Tuesday, 24 April 2012


We've just been watching the BBC DVD set of its 1982 BAFTA-winning dramatisation of Anthony Trollope's The Barchester Chronicles. I somehow managed to miss it the first time round, but it's still very fresh: a marvellously wry social satire in which the clerical politics and relationships in a provincial cathedral city are a microcosm of the clash between "high church" and "low church" in 1850s Victorian England. I very much recommend it.

The series is based on the first two Barchester novels, The Warden (1855) and Barchester Towers (1857) which, you may or may not know, focus on an otherworldly clergyman, Septimus Harding, who is caught up in a newspaper-driven controversy over his occupation of a well-paid post of nominal responsibility, warden of the almshouse Hiram's Hospital. At first, Harding accepts the patronage of those helping him to stay in the post (and to reinstall him when it becomes vacant), but later he comes to question the ethics of the situation. The Victorian Web has a good appreciation and summary by Annalise K Walker of the full series: On Trollope's Barchester Series.

I had somewhat wondered where, if anywhere, Trollope's fictional "Barsetshire" is set. The Warden begins with a basic description ...
the cathedral town of ––––; let us call it Barchester. Were we to name Wells or Salisbury, Exeter, Hereford, or Gloucester, it might be presumed that something personal was intended; and as this tale will refer mainly to the cathedral dignitaries of the town in question, we are anxious that no personality may be suspected. Let us presume that Barchester is a quiet town in the West of England ...
... but unlike Thomas Hardy, who interacted with readers and critics in mapping "Wessex" highly consistently on to real locations, Trollope didn't create a detailed geography at first, but sketched it out later as he wrote the 1860 Framley Parsonage. The paper Mapmaking in Barsetshire (Lance O. Tingay, The Trollopian, Vol. 3, No. 1 (Jun., 1948), pp. 19-32) mentions how this didn't come to light until 1927. Prior to this, enthusiasts had produced maps: the USA Trollope Society website has that painted by George F Muendel for Spencer Van Bokkelen Nichols (here), and another was produced by Monsignor Ronald Knox, who later wrote the 1935 novel Barsetshire Pilgrimage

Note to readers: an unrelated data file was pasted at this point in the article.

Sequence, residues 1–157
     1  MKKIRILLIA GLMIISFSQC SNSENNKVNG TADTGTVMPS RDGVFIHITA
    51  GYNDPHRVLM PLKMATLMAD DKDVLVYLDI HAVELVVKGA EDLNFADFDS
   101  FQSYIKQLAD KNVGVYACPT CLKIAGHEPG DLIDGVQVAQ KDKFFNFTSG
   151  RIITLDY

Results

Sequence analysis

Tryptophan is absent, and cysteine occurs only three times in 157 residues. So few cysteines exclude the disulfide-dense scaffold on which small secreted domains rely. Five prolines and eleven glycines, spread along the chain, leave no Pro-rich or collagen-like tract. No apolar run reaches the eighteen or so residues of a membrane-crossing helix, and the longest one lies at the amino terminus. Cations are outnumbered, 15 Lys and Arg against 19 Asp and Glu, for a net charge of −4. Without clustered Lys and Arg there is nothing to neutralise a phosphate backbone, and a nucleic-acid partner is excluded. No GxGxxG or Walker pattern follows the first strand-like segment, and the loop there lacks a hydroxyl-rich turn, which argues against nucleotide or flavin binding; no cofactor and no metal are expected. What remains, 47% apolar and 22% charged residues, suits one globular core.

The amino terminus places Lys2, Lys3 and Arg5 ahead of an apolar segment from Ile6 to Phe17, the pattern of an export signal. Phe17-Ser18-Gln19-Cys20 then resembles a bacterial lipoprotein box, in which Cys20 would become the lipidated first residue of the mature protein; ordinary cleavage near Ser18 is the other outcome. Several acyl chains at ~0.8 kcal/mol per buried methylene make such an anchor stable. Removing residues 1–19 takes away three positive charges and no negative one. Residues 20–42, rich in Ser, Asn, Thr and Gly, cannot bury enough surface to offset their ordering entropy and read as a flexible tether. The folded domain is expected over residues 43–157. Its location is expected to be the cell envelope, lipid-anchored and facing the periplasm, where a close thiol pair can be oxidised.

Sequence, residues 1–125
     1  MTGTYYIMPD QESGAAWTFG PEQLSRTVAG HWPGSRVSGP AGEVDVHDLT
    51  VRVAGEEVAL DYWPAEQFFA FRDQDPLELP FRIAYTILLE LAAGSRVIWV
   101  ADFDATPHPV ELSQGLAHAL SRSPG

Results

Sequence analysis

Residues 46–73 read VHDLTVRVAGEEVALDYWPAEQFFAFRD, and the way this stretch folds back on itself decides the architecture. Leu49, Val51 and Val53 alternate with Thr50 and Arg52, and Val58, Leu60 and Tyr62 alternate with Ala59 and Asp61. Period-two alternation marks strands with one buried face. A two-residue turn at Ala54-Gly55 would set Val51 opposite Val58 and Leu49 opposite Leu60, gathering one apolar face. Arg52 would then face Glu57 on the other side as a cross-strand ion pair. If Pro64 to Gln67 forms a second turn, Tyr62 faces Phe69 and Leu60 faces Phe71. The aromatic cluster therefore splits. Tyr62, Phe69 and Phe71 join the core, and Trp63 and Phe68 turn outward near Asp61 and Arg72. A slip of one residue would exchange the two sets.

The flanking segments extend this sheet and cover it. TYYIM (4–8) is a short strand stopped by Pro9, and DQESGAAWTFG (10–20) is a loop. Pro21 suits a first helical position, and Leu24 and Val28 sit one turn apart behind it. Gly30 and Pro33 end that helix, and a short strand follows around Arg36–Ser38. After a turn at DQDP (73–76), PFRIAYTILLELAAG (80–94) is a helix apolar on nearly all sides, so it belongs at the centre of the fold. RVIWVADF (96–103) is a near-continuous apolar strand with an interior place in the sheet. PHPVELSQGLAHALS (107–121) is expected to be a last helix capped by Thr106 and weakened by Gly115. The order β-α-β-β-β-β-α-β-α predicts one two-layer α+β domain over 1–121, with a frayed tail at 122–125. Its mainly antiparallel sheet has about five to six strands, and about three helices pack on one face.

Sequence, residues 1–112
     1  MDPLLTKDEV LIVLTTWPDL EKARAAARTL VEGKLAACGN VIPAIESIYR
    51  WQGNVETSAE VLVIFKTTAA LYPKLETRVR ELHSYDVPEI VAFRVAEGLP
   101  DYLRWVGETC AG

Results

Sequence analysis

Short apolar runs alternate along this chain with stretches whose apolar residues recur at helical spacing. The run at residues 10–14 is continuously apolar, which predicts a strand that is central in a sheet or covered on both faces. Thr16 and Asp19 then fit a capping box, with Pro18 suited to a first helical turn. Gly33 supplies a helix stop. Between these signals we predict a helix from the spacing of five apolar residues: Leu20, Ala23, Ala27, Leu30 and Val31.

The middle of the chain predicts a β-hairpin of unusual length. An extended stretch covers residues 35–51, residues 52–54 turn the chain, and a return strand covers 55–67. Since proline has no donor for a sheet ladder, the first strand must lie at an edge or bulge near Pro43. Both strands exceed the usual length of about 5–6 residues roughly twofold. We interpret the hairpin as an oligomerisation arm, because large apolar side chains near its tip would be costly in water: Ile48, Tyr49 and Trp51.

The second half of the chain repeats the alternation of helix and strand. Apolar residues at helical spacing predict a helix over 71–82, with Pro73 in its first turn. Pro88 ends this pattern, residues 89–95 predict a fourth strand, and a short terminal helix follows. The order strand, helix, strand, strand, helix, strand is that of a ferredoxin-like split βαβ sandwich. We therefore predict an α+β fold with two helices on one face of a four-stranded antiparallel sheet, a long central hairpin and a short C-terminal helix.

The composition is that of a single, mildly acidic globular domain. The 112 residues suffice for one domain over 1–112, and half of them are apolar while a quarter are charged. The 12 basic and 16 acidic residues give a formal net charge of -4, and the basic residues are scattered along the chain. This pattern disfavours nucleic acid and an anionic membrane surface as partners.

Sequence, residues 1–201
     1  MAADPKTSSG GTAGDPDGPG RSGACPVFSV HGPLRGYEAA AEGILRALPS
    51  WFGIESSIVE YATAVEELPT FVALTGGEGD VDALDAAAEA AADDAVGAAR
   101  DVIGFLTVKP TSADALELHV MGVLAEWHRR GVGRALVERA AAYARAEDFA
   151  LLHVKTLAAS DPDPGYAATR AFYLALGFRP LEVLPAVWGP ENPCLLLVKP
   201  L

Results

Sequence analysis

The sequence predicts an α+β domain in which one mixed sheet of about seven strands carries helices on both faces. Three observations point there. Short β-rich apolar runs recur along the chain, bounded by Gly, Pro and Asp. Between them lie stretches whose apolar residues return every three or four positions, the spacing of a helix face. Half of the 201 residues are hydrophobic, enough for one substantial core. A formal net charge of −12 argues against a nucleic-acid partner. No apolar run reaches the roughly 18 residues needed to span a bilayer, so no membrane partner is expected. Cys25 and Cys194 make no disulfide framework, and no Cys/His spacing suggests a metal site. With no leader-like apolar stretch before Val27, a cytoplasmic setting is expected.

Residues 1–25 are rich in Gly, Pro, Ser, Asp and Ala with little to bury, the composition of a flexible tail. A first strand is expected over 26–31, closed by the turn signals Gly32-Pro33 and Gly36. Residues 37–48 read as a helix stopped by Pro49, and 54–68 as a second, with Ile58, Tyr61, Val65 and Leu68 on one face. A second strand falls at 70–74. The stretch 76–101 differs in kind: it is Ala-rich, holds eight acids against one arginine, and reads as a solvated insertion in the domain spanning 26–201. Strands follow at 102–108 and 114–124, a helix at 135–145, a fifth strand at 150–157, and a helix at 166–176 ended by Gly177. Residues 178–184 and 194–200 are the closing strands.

Knox, initially working in 1922, showed that the books were inconsistent with Trollope's sketch, and even with each other. As Gillian Hill's 1978 Cartographical Curiosities (British Museum Publications) describes:
Trollope's Barsetshire, on the other hand, suffers from an excess of local topographical information. The general picture of the countryside is fairly clear, but contradictions abound in the detail. Ronald Knox brought these to light when he attempted to map the county in 1922, more than fifty years after the novels were written. At the beginning of the first of the Barsetshire novels, The Warden, the cathedral is at the west end of Barchester, but in the later novels it has moved eastwards, and stands by the London Road. Similarly, the distance between Barchester and Plumstead shrinks from nine miles in Barchester Towers to less than five in The Last Chronicle of Barset. The railway, too, has its idiosyncrasies: it passes within a mile and half of Courcy, which is a considerable way from its route.